Hard Rain

Many thanks to Jim Thomsen for his FB comment (below) on yesterday’s post re my first book, The Fury of Rachel Monette, on digital sale for a few more days ($1.99). The other book he mentions, Hard Rain, has the same deal going on.

In 1981, I was a student at a Seventh-Day Adventist boarding school, and whiled away many lonely nights and weekends with voracious reading marathons, turning pages with the determined rage of a wild animal chewing its way out of a chain trap. My parents would visit once a month or so, and bring a big bag of paperbacks from my hometown’s regular Friends of the Library sales. At the time I was into fast-paced, disposable, blood-and-bullets tales designed to let me project myself heroically into any chaotic setting.
In the bottom of one bag was this book. I believe my mom picked it because she thought the cover was a good fit for my fifteen-year-old tastes. And so I started in one late night, and discovered something different: a thriller, yet, but with a swirling current of gorgeous molasses darkness that awakened me to the possibilities of story beyond mere diversion: a mood, a tone, a sense of being invited to go beneath the surface of the story and swim in its hidden eddies. It was my first encounter with oblique, off-the-nose storytelling that somehow flattered me by insisting on my close attention beyond the level of all the Clive Cussler potboilers I’d been inhaling. It was the first time I’d ever felt invited to see the story beyond the story: a story that revealed itself through what people didn’t say as much as what they did say, all in prose that I remember thinking of as so gorgeously hardboiled that I would get an instant olfactory referent from the reading: the acrid smell of my dad’s burnt morning coffee, burnt deliberately, he told me later, to replicate the smell and taste of the coffee he drank at sea in the Merchant Marine.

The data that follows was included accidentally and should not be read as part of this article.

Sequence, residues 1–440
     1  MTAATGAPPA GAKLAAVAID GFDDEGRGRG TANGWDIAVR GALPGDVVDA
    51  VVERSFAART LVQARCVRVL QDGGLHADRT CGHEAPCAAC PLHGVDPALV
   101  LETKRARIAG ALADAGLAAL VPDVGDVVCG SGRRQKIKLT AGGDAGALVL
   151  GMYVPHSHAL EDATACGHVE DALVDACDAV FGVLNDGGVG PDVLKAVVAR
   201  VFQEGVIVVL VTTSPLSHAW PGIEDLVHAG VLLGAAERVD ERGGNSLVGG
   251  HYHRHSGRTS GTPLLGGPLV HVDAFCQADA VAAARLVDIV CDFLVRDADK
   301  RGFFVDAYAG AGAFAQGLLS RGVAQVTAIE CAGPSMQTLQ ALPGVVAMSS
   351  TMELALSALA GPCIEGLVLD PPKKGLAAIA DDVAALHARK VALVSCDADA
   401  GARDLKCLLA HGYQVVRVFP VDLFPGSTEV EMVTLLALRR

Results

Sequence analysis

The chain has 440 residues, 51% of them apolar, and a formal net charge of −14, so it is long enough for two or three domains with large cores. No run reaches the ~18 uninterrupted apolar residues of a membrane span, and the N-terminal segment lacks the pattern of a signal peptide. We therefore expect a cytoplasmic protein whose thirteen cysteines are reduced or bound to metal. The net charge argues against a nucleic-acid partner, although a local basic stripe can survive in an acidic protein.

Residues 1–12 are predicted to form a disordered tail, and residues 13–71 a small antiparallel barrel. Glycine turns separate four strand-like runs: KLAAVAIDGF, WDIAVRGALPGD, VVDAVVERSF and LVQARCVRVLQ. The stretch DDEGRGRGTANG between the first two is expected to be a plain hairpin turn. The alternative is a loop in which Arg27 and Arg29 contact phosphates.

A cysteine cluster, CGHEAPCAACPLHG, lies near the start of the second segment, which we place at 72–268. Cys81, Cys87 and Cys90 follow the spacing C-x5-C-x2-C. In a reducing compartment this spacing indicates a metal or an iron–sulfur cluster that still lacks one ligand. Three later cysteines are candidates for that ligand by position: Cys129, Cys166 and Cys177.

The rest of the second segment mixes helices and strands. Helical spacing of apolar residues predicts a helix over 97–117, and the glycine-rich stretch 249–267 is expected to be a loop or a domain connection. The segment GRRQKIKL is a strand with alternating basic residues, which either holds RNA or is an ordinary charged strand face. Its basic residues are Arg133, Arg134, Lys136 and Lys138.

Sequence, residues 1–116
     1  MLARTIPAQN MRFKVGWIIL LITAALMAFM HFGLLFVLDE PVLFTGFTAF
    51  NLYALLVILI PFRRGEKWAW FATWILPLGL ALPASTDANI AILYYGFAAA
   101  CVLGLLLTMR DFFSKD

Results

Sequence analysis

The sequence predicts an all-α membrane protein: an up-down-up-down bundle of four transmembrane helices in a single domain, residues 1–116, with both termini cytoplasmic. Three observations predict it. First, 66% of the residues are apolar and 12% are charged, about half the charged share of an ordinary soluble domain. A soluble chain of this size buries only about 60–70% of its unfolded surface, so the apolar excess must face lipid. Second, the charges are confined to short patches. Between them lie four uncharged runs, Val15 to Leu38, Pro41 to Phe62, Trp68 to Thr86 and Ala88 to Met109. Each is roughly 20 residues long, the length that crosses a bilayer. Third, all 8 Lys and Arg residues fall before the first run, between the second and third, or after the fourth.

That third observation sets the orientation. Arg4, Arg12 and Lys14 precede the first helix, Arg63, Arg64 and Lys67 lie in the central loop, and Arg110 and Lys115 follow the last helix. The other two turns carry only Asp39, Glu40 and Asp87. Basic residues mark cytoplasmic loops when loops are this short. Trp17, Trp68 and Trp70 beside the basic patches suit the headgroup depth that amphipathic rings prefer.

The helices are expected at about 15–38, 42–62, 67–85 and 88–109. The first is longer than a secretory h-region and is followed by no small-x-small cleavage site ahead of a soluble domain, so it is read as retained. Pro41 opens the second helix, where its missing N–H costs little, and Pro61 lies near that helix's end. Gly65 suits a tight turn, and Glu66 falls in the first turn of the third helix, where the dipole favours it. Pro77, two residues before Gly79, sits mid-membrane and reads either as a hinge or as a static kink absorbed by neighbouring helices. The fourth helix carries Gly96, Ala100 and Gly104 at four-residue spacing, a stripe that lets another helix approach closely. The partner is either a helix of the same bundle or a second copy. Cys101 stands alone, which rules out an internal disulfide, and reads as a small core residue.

At fifteen, I wasn’t really ready for this kind of book; I was still too in need of instant diversion from teen agitation. But it stayed with me on some sedimentary-layer-of-the-soul level: it unlocked the door to a dark cellar I’d never noticed before. I was afraid to do more than tiptoe down a couple of steps and poke a flashlight at it.
It was only at the tail end of my college years that I chanced upon HARD RAN in the local public library, and read it with a head full of smoky coffee, and saw at the end that tye author was the author of THE FURY OF RACHEL MONETTE. By then, I was ready for it. I was sort of a Peter Abrahams character myself; I had adopted a smiling, enigmatically superior, question-deflecting manner as a way of masking my fears and insecurities from the world, and righting my own balance by keeping everyone else off-balance held me scrape by in the world outside my own head. Characters like Rachel Monette were my dark passengers, and with each new Abrahams novel, I added more enigmatic antiheroes to my personal repertory company. If people go through life with a burning desire to be seen, then these characters helped me see myself as a preparatory course for being seen by everybody else.

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